Your browser doesn't support javascript.
Show: 20 | 50 | 100
Results 1 - 1 de 1
Add filters

Document Type
Year range
Journal of General Internal Medicine ; 37:S280, 2022.
Article in English | EMBASE | ID: covidwho-1995854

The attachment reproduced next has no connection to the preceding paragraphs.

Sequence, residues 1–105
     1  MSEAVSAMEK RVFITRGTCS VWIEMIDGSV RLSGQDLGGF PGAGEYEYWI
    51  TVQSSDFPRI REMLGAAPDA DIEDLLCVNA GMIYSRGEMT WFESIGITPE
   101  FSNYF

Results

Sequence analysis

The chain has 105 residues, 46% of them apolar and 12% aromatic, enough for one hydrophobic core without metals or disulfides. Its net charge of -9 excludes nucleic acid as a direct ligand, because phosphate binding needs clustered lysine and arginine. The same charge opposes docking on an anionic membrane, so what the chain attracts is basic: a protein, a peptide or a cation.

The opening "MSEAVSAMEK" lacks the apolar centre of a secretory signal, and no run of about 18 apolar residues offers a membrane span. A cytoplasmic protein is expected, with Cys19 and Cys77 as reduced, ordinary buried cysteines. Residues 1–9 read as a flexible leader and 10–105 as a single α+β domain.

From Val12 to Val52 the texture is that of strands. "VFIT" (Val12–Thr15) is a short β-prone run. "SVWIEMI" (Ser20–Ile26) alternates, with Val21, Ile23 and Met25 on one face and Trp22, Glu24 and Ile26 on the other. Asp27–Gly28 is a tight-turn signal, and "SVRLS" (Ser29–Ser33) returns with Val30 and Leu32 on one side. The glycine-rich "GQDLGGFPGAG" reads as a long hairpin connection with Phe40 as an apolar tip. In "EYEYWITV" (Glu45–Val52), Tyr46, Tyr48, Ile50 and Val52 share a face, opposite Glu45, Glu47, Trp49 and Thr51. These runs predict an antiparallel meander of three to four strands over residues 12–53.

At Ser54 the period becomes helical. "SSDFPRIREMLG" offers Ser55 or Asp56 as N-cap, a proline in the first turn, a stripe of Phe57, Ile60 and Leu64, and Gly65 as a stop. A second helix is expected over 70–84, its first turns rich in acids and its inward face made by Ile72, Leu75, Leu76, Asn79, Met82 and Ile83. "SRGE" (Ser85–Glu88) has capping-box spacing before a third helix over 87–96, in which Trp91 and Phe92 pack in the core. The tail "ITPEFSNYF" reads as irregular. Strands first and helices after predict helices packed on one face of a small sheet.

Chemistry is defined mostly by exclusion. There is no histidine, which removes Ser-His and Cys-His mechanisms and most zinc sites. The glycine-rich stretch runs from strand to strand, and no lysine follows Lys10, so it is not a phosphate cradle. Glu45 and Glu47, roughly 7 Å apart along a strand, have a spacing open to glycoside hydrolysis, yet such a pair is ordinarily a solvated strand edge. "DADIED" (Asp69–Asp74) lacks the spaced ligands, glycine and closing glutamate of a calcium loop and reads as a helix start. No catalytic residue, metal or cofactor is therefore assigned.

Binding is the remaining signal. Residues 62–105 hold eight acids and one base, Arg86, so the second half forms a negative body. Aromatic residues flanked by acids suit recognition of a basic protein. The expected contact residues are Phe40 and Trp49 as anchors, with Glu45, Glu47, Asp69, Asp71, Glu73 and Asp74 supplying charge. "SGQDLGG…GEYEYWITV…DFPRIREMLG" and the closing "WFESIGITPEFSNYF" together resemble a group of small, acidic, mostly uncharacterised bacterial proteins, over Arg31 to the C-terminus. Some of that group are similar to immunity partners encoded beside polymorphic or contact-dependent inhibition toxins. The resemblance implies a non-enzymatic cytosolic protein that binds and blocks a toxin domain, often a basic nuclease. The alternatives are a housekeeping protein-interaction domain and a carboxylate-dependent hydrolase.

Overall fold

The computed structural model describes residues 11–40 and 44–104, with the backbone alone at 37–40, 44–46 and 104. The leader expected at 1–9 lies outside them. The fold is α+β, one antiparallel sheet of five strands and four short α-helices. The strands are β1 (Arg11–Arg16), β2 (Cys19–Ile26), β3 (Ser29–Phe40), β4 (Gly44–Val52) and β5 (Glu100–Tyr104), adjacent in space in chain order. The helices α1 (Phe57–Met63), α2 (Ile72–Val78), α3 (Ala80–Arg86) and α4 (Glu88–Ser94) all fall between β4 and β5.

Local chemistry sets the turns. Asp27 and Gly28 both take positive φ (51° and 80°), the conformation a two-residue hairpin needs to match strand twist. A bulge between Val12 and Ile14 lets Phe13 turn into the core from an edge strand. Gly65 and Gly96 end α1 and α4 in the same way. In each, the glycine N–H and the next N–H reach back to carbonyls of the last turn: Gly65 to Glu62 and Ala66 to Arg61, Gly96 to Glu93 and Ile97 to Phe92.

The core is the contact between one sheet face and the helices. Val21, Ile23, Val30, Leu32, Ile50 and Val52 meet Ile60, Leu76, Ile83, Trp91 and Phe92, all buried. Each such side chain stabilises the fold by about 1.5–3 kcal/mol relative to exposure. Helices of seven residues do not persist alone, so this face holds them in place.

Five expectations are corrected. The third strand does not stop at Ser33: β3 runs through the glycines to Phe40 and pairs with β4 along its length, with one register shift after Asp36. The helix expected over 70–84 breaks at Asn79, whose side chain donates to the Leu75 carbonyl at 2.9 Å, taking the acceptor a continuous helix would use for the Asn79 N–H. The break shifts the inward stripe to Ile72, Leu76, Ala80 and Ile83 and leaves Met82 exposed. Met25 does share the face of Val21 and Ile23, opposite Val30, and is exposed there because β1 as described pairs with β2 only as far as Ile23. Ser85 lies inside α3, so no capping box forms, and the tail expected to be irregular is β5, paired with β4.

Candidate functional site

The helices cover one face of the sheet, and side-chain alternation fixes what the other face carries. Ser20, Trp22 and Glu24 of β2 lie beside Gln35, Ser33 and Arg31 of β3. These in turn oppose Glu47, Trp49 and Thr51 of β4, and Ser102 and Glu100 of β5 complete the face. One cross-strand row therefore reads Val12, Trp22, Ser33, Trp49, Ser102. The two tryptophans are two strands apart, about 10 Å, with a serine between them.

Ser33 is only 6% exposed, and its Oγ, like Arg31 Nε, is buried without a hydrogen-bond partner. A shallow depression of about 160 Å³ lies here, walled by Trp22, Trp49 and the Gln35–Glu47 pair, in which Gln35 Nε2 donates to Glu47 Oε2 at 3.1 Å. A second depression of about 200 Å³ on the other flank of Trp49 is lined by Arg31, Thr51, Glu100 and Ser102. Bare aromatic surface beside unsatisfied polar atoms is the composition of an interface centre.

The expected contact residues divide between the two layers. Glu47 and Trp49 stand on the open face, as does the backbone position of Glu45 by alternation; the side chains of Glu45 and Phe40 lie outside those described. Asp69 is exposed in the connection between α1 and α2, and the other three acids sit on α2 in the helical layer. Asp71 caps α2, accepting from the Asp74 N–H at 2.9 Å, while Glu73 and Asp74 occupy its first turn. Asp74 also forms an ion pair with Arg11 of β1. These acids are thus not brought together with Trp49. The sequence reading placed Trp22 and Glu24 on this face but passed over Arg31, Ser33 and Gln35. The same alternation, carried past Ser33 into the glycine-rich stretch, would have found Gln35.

BACKGROUND: The Coronavirus Disease 2019 (COVID-19) pandemic has affected over 61 million U.S. citizens, and up to 30-80% of COVID-19 survivors may go on to develop post-acute sequelae of SARS-CoV-2 (PASC). These sequelae can be debilitating and often impair quality of life and daily function. Although it has been suggested that severity of acute COVID-19 infection is directly related to PASC development, this association remains unclear. METHODS: This prospective cohort study was conducted through consecutive recruitment of confirmed and probable COVID-19 patients with persistent symptoms lasting ≥3 weeks from disease onset or positive SARS-CoV-2 test from academic PASC clinics at Emory University and Grady Memorial Hospital in Atlanta, GA during January-December 2021. Sociodemographic, comorbidity, and acute COVID-19 data were collected. Severe acute COVID- 19 was defined as requiring hospitalization, and critical acute COVID-19 required intensive care. New or worsening symptoms persisting ≥3 weeks from COVID-19 onset were collected using a standardized review of systems, and confirmed by clinician interview. Differences in PASC symptom type were assessed by calculating risk ratios (RR) and 95% confidence intervals (CI) using the Taylor series, and difference in PASC duration was assessed using student's t-test. Two-tailed p-values ≤0.05 were considered significant. RESULTS: Of 269 enrollees, median age was 52 years (range 18-93) and there were more women (74%) than men (26%). There were 152 (57%) African American, 76 (28%) White, and 21 (8%) Hispanic. Among PASC patients, the most common symptoms were dyspnea (68%), fatigue (63%), brain fog (48%), dizziness (27%), chest pain (25%), cough (23%) and headache (23%) with a median PASC duration of 132 days (range 21-523). Acute COVID-19 severity was asymptomatic in one participant, mild in 149 (55%), severe in 95 (35%), and critical in 23 (9%). Asymptomatic- mild acute COVID-19 patients had more persistent dyspnea (RR: 1.33, 95%, CI: 1.09- 1.61), fatigue (RR: 1.53, 95%CI: 1.22-1.91), brain fog (RR: 2.00, 95%CI: 1.44-2.67), dizziness (RR: 2.03, 95%CI: 1.27-3.25), and headache (RR: 2.07, 95%CI: 1.22-3.48) compared with severe-critical acute disease, who had a non-significant trend towards more cough and chest pain. Asymptomatic-mild participants were further from incident infection (153 days) compared to severe-critical participants (110 days) (p=0.04). CONCLUSIONS: Contrary to previous observations, COVID-19 survivors who experienced asymptomatic-mild infections may develop higher rates of prevalent PASC symptoms compared to those with severe- critical antecedent infections. These findings are not attributable to PASC duration, as longer PASC duration has been previously associated with fewer symptoms. To ensure early identification and linkage to specialized care, clinicians should be aware of PASC in patients with antecedent asymptomatic-mild acute COVID-19 infections.